Following recent mild winters, many customers lost container plants, even though it had not been that cold. In this case it was most likely the lack of water that killed them off. Few people think of checking their plants for water during the winter months, when they appear dormant and inactive.

Reviewing Plant hardiness

In recent years the Royal Horticultural Society reviewed the hardiness rating for many plants. there are now a number of plants rated as not hardy in the British Isles, which seem to survive the Berlin continental weather. Hardiness seems to be affected by so much more than just winter temperatures.  As the winter of 2013 has shown, much depends on when the frost arrives, at which stage of growth it hits the plant. This spring severe night frosts in the second half of April caught advanced leaf and flower buds, devastating apple blossoms and vines, and causing severe damage to Cornus and Viburnum for example affecting their growth and flowering throughout the season.

Frost protection of trees and shrubs

Although the large majority of woody plants are hardy, some of the evergreen ones are more susceptible to frosts. During periods of frosty sunny weather evergreens are endangered from drying out, as the leaves warm up in the sunshine, want to transpire but can’t access any water as the rest of the plant is “in the freezer”.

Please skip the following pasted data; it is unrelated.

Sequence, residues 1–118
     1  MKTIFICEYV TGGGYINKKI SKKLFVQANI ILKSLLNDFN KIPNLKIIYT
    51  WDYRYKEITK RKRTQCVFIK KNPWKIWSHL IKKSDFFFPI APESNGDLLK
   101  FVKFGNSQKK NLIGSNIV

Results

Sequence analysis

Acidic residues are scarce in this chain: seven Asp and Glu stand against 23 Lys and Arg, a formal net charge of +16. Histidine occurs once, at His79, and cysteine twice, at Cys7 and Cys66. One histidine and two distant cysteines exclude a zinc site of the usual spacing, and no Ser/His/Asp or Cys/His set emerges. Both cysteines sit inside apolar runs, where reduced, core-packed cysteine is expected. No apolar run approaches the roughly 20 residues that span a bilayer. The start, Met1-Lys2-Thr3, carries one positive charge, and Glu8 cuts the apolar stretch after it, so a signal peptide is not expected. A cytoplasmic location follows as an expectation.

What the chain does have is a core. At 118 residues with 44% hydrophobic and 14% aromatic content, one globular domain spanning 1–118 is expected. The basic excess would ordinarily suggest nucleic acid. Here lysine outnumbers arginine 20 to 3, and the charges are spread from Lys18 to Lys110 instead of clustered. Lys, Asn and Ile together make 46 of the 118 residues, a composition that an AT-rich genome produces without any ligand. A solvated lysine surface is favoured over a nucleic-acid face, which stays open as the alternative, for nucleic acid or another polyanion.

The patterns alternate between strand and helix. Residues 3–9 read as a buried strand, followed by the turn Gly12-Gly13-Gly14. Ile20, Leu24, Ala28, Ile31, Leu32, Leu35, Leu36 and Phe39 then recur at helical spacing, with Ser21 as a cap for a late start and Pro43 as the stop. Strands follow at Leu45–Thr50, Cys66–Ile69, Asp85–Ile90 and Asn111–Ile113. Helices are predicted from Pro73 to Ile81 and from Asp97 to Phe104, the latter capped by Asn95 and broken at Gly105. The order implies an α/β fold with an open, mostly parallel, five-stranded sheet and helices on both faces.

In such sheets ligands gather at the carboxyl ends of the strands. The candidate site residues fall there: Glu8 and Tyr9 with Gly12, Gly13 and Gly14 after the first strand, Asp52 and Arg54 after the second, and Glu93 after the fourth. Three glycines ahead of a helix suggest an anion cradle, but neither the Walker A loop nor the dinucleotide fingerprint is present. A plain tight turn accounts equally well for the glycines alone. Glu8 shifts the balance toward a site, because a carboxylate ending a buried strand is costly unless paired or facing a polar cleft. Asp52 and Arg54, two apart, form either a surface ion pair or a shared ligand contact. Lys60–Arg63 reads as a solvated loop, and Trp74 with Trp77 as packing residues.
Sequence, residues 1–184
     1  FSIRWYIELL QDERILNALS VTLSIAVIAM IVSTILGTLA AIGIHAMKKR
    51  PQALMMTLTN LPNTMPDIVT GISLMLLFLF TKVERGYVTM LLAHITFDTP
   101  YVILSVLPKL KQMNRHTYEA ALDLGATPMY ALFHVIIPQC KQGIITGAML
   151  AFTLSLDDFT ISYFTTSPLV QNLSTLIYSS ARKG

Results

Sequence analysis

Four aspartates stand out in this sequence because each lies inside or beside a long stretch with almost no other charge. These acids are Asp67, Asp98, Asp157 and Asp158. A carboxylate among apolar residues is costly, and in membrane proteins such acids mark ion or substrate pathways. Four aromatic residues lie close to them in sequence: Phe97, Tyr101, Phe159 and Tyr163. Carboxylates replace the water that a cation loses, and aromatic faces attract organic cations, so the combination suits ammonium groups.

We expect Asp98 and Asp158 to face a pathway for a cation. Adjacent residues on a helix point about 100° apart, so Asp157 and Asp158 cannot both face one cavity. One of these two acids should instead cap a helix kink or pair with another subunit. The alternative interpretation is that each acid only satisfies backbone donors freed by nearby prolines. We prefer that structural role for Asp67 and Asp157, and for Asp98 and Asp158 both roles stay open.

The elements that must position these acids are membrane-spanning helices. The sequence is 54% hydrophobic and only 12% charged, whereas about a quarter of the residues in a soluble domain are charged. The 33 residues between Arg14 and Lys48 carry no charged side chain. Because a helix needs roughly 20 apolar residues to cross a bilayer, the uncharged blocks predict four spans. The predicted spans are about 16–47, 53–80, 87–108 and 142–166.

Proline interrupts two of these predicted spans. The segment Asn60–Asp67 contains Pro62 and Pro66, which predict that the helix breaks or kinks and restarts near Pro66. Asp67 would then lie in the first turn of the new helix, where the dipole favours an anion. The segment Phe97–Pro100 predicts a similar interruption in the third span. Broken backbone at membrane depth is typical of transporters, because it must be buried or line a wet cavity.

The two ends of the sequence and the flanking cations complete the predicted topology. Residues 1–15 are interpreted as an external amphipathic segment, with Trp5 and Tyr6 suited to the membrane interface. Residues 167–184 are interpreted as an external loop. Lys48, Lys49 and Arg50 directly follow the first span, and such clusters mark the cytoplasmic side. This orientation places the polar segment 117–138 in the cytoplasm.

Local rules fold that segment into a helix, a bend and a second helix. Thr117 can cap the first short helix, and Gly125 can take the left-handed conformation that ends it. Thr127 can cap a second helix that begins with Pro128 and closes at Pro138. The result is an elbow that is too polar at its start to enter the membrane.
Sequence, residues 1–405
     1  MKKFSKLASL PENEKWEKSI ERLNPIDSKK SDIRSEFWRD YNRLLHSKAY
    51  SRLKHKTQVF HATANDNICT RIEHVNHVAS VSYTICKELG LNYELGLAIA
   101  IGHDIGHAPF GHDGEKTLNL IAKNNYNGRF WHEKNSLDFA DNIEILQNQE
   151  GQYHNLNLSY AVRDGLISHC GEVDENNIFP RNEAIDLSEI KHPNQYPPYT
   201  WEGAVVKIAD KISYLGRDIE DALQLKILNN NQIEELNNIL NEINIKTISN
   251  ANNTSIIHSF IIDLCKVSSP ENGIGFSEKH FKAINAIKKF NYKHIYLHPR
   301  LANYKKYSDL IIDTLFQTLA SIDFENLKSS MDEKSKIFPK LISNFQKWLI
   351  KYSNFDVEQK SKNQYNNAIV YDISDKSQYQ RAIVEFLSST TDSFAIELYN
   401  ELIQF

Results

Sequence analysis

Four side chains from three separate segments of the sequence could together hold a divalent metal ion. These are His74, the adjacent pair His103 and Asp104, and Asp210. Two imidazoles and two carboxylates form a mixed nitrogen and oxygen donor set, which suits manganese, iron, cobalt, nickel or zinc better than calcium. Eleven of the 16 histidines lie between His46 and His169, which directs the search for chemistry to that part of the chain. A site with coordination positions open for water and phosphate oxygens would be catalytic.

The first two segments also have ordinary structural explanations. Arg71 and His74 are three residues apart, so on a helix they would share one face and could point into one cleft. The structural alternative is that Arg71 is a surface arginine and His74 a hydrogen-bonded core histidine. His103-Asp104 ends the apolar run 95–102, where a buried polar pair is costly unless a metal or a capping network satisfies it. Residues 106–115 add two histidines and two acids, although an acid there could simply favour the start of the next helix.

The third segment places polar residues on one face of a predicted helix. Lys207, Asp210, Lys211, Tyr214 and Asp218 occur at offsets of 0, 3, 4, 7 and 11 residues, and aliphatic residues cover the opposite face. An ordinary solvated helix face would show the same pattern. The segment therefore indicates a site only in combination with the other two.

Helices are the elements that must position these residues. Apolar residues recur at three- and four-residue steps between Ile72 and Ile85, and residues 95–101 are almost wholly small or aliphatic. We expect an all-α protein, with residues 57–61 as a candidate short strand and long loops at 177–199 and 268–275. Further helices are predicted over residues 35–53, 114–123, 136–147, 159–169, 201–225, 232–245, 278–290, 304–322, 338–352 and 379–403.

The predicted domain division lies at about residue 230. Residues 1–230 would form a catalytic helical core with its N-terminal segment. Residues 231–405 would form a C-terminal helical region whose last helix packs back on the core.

The last three winters have been mild, making us all bold, daring to plant plants which will not survive the next hard winter. Providing some shading is important by covering the plants with fleece or jute. These still allow light to filter through, but keeps the sunlight off, so the whole plants stays frozen. It will also provide some wind protection to stop it from drying out.

Leaf mulch © Isabelle van Groeningen

Leaf mulch

Container plants

Trees and shrubs in containers are always more endangered in cold weather. Ensure they are well watered in the autumn, and keep an eye on them in the course of the winter that they do not dry out during mild weather. Elevate tubs slightly off the ground on small feet to ensure excessive water can drain off to prevent the container from cracking. Provide shading on the eastern and southern side to keep them cold. Containers can be wrapped up, though I do think this is more likely to be good for the owner’s conscience rather than the plants. The feeling one is doing something to help makes us feel better, but if we get 6 weeks of -15°C, the whole rootball will be frozen however thick it’s been wrapped up. On the other hand, if they are wrapped beautifully, it makes them more attractive at a time of year where little is going on in the garden.